Hubble Space Telescope: Massive Stars
The Hubble Space Telescope's contribution to this peek back in time lies in its ability to detect the Universe's most massive stars and its superb resolution of very distant galaxies.
Because massive stars live fast and die young, they are good indicators as to whether a galaxy is actively forming stars. Their short lifespan of a few tens of millions of years also helps astronomers determine the star formation rate of a galaxy. Although these massive stars emit mostly ultraviolet light, Hubble can detect them because the expanding Universe stretches the short ultraviolet light waves into longer visible-light waves.
According to Giavalisco, Hubble's superb angular resolution also allows scientists to study the structure of very distant galaxies, some of them located as far as 13 billion light years away.
"A lot of what we know about galaxies both near and far is through their morphology, or structure," says Giavalisco.
Spitzer Space Telescope: Dust and Sun-like Stars
While Hubble can offer a great deal of information about the distant Universe on its own, it cannot provide the whole picture. After all, very massive stars represent only a minority of stars in a galaxy. The majority of a galaxy's stellar population actually consists of smaller Sun-like stars that emit mostly visible light. As the Universe expands, this visible light is stretched into infrared light, which Spitzer detects.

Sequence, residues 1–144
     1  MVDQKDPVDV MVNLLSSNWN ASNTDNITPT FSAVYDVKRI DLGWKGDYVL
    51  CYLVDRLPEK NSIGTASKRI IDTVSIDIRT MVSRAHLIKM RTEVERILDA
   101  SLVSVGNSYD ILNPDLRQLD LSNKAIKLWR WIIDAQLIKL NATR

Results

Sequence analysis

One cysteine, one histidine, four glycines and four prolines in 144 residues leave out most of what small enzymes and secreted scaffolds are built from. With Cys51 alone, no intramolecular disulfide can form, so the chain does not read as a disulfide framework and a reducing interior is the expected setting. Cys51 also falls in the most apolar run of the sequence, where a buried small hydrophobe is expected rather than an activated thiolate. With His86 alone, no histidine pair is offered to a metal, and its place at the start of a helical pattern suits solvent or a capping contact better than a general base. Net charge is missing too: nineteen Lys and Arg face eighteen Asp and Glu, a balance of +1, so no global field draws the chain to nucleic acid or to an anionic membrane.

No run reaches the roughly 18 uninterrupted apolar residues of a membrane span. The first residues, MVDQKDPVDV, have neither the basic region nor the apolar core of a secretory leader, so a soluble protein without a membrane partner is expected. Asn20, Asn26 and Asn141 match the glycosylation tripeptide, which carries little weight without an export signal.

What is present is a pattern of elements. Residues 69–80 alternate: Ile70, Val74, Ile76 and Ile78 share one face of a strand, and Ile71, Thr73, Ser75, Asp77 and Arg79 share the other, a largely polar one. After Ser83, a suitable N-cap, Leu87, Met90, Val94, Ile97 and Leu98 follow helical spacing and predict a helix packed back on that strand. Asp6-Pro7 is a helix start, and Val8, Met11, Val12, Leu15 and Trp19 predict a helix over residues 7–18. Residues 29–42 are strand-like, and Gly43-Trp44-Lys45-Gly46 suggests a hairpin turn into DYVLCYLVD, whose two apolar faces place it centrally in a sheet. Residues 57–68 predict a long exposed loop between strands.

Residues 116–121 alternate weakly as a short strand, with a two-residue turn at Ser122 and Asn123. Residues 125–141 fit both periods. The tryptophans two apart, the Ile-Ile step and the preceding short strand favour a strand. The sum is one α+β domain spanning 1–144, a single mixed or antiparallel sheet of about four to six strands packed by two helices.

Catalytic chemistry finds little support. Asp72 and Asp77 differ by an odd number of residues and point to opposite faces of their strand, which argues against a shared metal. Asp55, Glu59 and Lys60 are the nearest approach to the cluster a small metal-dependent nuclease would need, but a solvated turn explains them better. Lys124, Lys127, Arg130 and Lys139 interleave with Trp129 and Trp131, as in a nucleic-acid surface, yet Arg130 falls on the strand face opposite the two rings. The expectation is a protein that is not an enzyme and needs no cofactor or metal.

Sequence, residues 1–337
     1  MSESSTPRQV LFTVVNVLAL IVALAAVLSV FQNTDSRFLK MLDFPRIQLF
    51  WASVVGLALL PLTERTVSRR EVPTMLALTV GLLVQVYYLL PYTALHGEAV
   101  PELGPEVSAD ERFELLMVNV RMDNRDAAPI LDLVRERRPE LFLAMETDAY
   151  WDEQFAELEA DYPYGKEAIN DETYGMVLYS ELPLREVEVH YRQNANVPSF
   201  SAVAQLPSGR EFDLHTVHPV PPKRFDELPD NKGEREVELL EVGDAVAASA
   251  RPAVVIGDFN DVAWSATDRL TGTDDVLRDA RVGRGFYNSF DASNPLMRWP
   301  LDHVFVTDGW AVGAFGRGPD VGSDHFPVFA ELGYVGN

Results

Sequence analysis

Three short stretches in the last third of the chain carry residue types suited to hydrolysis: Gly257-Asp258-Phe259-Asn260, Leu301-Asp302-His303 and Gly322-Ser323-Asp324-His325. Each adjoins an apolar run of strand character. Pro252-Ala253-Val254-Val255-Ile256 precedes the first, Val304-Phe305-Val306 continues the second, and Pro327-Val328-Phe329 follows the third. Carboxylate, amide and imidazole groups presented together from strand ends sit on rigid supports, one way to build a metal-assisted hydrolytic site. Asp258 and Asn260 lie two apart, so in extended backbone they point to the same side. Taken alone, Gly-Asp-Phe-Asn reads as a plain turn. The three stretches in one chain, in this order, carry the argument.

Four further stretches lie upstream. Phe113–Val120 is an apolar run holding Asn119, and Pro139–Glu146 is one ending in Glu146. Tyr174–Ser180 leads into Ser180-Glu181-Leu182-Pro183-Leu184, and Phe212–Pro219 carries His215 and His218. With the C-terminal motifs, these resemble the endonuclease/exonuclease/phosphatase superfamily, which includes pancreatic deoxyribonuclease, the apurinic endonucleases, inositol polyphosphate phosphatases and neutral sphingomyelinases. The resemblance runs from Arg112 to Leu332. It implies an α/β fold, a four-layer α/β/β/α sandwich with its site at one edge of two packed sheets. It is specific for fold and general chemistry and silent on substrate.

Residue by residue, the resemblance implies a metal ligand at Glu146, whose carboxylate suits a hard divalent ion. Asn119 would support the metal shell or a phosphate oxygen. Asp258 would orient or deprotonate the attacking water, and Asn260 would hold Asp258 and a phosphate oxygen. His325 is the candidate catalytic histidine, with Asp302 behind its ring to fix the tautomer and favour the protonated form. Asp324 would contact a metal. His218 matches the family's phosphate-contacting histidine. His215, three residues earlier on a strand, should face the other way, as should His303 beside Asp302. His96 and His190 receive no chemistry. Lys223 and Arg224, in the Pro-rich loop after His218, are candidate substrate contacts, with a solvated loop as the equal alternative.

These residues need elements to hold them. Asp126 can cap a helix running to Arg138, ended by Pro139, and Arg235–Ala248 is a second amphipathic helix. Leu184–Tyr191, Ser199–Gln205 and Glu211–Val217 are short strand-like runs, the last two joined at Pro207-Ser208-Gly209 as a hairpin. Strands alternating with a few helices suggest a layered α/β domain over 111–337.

By combining Spitzer and Hubble observations astronomers can conduct an accurate stellar population census in the Universe's first galaxies. They can also tell where a galaxy's stars are forming and where star formation has stopped. If Hubble spots massive, short-lived stars in a region of a distant galaxy, then astronomers can infer that the galaxy is actively forming stars. Meanwhile, if Spitzer sees many older Sun-like stars, in an area where Hubble sees no massive young stars, astronomers might infer that star formation has probably stopped in that region of the galaxy.